Second, bricks deteriorate, shift, and require maintenance.  If you walk Maple, you get to know that anywhere you have cars driving over the bricks, the bricks are a mess.  Maybe I’ll go take a few pictures this PM to illustrate.  Even where the cars don’t drive, freeze/thaw heaves the bricks out of alignment and creates trip hazards.  With concrete sidewalks, it’s a fairly simple matter to grind down any sections that heave.  (In fact, the Town did that just recently on Maple west of Courthouse.)  With bricks, the standard method is to pull the bricks up and re-set them, which is both expensive and labor-intensive.  And will, over time, lead to a “patchwork” look to the brickwork as replaced sections need not be an identical match for the original brick.

This is also a complete about-face from the current MAC proposals, where the Town has steadfastly insisted on all-brick sidewalks.  Just another example of the Town focusing on how it looks, and not paying much attention to how it functions.  But my guess is, all of the developers will be more than happy to substitute concrete for bricks wherever they can.

In a final victory for the disabled community, the pedestrian path will be broad and uncluttered.  There seems to be conflicting information as to whether it would be 8′ or 10′ along Maple.  But either way, the issue is (e.g.) allowing a person in a wheelchair to pass a person with a stroller without awkwardness, or allowing a person in a wheelchair adequate room to maneuver.

I won’t make anything out of the “uncluttered” requirement, because all our newer sidewalks are that way.  There are no obstructions on (e.g.) the sidewalks on Maple west of Courthouse.  Really, only the older sidewalks on the eastern portion of Maple are a mess that way, and this zoning isn’t going to do anything to fix that up.

And, as I have said on many occasions, other than for that specific community, there’s no need for broad sidewalks because you rarely have to pass another person on them.    As with the sidewalk cafe space adjacent to Maple that no one will use, I see the mandatory broad sidewalks as a fashion statement, not as practical need.  With the sole and significant exception that the extra space provides a tangible benefit to the disabled community.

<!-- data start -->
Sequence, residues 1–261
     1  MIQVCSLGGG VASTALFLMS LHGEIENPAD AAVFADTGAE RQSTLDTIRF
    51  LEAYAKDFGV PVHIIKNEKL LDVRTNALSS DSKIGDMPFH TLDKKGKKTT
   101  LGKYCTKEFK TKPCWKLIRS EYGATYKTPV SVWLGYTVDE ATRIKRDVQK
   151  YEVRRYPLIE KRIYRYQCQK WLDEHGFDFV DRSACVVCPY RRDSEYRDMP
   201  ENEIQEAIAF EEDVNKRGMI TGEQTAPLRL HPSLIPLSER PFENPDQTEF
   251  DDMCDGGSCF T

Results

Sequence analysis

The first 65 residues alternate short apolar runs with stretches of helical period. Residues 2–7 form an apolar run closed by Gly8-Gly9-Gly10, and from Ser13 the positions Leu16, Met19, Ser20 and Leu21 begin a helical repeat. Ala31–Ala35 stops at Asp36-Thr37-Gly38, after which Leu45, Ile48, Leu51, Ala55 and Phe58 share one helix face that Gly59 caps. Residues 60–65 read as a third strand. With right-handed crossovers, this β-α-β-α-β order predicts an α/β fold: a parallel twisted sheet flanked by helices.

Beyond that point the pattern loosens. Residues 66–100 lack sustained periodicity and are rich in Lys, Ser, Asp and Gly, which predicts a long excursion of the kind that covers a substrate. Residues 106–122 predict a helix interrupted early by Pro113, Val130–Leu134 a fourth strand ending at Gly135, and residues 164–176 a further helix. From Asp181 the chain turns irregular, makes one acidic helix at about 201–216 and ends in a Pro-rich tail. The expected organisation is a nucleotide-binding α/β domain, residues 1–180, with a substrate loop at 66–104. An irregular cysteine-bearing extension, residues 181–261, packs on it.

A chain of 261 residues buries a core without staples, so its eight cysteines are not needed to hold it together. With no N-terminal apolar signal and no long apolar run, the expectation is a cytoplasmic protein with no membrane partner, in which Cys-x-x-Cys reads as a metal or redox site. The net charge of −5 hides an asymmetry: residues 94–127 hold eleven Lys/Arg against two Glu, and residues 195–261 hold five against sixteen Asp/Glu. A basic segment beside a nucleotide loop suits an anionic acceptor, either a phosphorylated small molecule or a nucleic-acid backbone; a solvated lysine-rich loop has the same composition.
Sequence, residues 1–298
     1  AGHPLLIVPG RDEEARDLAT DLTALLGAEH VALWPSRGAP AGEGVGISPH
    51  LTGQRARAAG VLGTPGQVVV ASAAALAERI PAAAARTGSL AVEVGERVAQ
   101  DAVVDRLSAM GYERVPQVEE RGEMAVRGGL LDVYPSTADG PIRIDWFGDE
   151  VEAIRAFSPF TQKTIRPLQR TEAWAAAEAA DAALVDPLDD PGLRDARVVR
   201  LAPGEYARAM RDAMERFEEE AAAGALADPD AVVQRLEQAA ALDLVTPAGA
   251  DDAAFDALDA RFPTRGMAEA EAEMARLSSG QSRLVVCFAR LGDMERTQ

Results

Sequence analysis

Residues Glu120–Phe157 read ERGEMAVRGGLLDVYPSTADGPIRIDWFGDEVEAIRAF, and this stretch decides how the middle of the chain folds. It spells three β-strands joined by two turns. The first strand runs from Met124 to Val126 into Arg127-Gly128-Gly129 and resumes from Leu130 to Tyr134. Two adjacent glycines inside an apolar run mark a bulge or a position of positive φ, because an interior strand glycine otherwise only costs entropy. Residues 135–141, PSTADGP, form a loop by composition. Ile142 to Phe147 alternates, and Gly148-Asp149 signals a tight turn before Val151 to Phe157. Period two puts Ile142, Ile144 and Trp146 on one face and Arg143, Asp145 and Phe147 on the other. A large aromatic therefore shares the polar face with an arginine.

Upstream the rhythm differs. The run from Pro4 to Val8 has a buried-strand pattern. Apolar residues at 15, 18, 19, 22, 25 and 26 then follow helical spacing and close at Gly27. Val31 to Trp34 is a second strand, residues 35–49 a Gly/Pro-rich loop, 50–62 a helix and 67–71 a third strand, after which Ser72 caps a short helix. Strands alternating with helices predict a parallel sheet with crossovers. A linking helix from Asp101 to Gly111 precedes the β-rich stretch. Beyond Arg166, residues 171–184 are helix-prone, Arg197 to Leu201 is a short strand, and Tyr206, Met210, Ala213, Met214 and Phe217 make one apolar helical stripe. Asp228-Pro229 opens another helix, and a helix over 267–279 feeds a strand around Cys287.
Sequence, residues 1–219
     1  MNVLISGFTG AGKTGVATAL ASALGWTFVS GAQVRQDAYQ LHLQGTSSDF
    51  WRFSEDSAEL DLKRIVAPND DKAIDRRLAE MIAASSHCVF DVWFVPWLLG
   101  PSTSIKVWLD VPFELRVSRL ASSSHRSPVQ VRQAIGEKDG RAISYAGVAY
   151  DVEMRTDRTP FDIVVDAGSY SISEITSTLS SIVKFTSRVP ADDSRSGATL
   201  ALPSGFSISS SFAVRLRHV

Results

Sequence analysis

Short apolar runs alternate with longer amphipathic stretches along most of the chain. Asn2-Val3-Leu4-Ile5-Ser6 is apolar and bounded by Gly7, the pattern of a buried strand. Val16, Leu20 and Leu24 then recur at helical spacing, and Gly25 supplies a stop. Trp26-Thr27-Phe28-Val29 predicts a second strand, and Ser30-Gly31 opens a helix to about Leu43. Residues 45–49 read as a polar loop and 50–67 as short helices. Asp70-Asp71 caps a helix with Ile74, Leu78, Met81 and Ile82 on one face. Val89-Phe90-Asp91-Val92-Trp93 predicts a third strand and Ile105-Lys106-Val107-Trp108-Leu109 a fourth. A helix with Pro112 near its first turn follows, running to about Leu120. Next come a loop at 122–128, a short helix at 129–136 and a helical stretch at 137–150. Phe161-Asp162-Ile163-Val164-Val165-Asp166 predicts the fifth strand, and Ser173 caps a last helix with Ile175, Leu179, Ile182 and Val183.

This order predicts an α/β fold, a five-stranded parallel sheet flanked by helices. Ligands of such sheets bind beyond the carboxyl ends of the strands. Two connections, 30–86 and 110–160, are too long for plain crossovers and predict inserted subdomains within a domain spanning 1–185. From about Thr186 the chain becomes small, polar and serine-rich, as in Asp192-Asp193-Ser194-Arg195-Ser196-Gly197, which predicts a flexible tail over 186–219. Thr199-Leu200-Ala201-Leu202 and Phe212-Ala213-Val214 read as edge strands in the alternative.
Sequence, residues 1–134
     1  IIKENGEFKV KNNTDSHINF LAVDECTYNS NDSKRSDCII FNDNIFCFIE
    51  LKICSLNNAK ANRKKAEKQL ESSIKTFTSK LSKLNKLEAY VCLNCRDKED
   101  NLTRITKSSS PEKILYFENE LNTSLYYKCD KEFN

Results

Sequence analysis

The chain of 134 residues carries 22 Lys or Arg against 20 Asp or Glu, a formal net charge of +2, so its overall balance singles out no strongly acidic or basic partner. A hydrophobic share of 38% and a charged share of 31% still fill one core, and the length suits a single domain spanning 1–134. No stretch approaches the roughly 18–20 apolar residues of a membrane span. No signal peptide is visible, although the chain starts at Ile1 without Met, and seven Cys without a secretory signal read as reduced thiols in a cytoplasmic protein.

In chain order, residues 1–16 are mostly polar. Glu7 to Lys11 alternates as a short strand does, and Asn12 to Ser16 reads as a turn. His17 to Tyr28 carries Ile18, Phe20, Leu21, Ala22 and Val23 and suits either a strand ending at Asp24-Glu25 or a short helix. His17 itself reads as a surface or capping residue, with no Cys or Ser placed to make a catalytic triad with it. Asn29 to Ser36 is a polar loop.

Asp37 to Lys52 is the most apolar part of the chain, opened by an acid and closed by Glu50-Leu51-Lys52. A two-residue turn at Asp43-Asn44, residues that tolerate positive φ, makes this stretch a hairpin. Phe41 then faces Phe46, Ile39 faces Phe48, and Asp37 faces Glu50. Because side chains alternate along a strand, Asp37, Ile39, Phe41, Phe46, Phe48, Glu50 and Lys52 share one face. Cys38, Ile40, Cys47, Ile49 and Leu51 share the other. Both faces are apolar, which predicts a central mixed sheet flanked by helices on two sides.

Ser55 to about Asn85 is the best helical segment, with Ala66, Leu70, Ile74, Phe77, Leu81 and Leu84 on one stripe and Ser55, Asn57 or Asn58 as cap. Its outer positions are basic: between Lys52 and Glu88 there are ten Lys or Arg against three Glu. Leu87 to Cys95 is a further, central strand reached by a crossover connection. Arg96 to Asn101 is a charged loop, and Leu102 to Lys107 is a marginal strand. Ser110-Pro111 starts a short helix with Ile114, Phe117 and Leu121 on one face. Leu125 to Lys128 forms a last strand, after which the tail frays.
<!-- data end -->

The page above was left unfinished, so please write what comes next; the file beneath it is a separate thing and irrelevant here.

Finally, bear in mind that these guidelines apply to little separate isolated stretches of Maple Avenue sidewalks.  One of the goofiest aspects of the Town’s discussion of MAC is that they continually talk about and picture this (as in these guidelines) as if all of Maple were redone to the same standard.  But that’s not going to happen.  For the forseeable future, what you are going to have is small isolated patches of these MAC-mandated sidewalks.  Patched into the existing sidewalks.  And the Town appears to have no plan, or even the idea that they might need a plan, for making the sidewalks match up some time in the future.  So unlike the last time the Town redid the sidewalks, and mandated uniform brick walks east of Courthouse, there is no overall Town-wide plan here.   These rules apply to little separate pieces of Maple.

When you get right down to it, I have yet to see the Town produce a sketch of what that’s going to look like where these posh broad sidewalks stop, and standard 5′ concrete ribbon sidewalks resume.  As I see it, that’s exactly what’s going to happen with the proposed 380 Maple West building.  And doubly oddly, nowhere in the regulations or guidelines does anybody even discuss how the builders are supposed to deal with that.  Taper it?  Put in a ramp?  Best guess, based on the law, the builders will have to build the broad sidewalk right up to the property line.  And the standard concrete ribbon will start on the other side of the line.  And … that’s that.  So, at this point, if you expect the sidewalks on Maple to look like anything other than a slapped-together patchwork for the next 30 or 40 years, I’d say, guess again.  Or show me the plan for restoring uniformity to the sidewalks once MAC has created this patchwork.